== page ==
Maybe It’s Time We Stop Buying Games on Day One
“Ever get the feeling you’ve been cheated?”
Sex Pistols singer John Lydon asked that question at the end of the final Sex Pistols performance in 1978, but the question could just as easily be asked by weary gamers. Publishers want their money, so they make launches extravagant. Celebrity appearances, largely value-free pre-order bonuses, massive advertising blitzes, a carefully cultivated first-adopted atmosphere — tremendous effort and money is put into creating the general sense that they’re not just releasing a game, they’re putting on an event, and one you don’t want to miss.
At the same time, consumers get punished for their faith in publishers and developers with alarming frequency. It’s bad enough that developers increasingly rely on schemes like same-day DLC and special editions, but more and more often, games that developers know include bugs and aren’t up to the quality standards players expect are released with the same fanfare as games that actually work.
Why do they do this? Quite frankly, it’s because they’re rewarded handsomely for it.
Visit any game’s forums and you’ll almost certainly find a litany of complaints about that title’s shortcomings, particularly games that came with certain promises about what players could expect. The community is clearly aware there’s a problem. And yet gamers continue to buy games on day one, in such huge numbers that a successful game can make the vast majority of its earnings in the first three days (in fact, the biggest games gauge their success or failure on the strength of their earliest sales). No wonder then that the industry has a carefully coordinated strategy when it comes to how games are launched, and how the gaming press treats that launch.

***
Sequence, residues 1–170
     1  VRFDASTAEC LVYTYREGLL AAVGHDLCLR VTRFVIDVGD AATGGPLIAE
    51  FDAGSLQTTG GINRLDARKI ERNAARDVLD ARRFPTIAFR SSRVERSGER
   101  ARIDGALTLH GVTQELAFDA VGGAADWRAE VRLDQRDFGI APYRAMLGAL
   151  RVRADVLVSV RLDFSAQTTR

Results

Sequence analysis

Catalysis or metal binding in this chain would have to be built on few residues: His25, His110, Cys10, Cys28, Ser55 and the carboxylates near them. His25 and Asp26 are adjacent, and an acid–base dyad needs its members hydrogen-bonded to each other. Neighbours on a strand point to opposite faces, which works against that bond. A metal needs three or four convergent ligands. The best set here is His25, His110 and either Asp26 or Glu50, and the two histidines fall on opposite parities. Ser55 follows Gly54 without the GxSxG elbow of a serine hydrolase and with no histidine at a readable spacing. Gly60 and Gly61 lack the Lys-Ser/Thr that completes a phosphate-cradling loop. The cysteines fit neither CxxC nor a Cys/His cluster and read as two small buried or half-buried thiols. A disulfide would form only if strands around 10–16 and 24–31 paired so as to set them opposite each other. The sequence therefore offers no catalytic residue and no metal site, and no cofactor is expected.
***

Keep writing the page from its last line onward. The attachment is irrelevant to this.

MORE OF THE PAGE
Take Medal of Honor: Warfighter. When it hit shelves earlier this month, rather than the surgical strike Electronic Arts had promised, it landed like a Nerf dart bouncing ineffectually off its target. The development team appeared to have had almost no time to get the thing right, and MOHW had to be released with a giant patch that still did not address numerous technical problems. But more important than the fact that it launched with problems that should have been fixed during beta is that it really isn’t very good, as reflected by the game’s average review score of 56.
But you didn’t know any of that before the game came out, did you? That’s because Game Front and, as far as we can tell, the majority of gaming publications, did not receive a review copy of the game. Fans found out for themselves how bad things were when Warfighter launched, and negative word of mouth probably did more than anything to render the current incarnation of the Medal of Honor series stillborn. Still, people who bought the game, especially digitally, were probably left feeling a bit ripped off. But, while it’s tempting to call out EA for having lacked the forthrightness to make the game available to critics, they’re hardly alone in the way they do everything possible to make sure games are glowing in the public eye prior to their actual release.
Activision, for instance, is known for sending reviewers to its very posh “review events,” which are basically vacations (full disclosure: we attended Call of Duty XP [which was not a review event] last year, and can report that the gaming press was provided with lavish perks just for showing up). Despite the royal treatment Activision loves giving to the gaming press, Activision still strictly manages the image of its biggest franchise; review copies of Call of Duty: Black Ops 2 weren’t provided until launch date. Why send out copies and risk poor reviews when you know a game will sell well without them?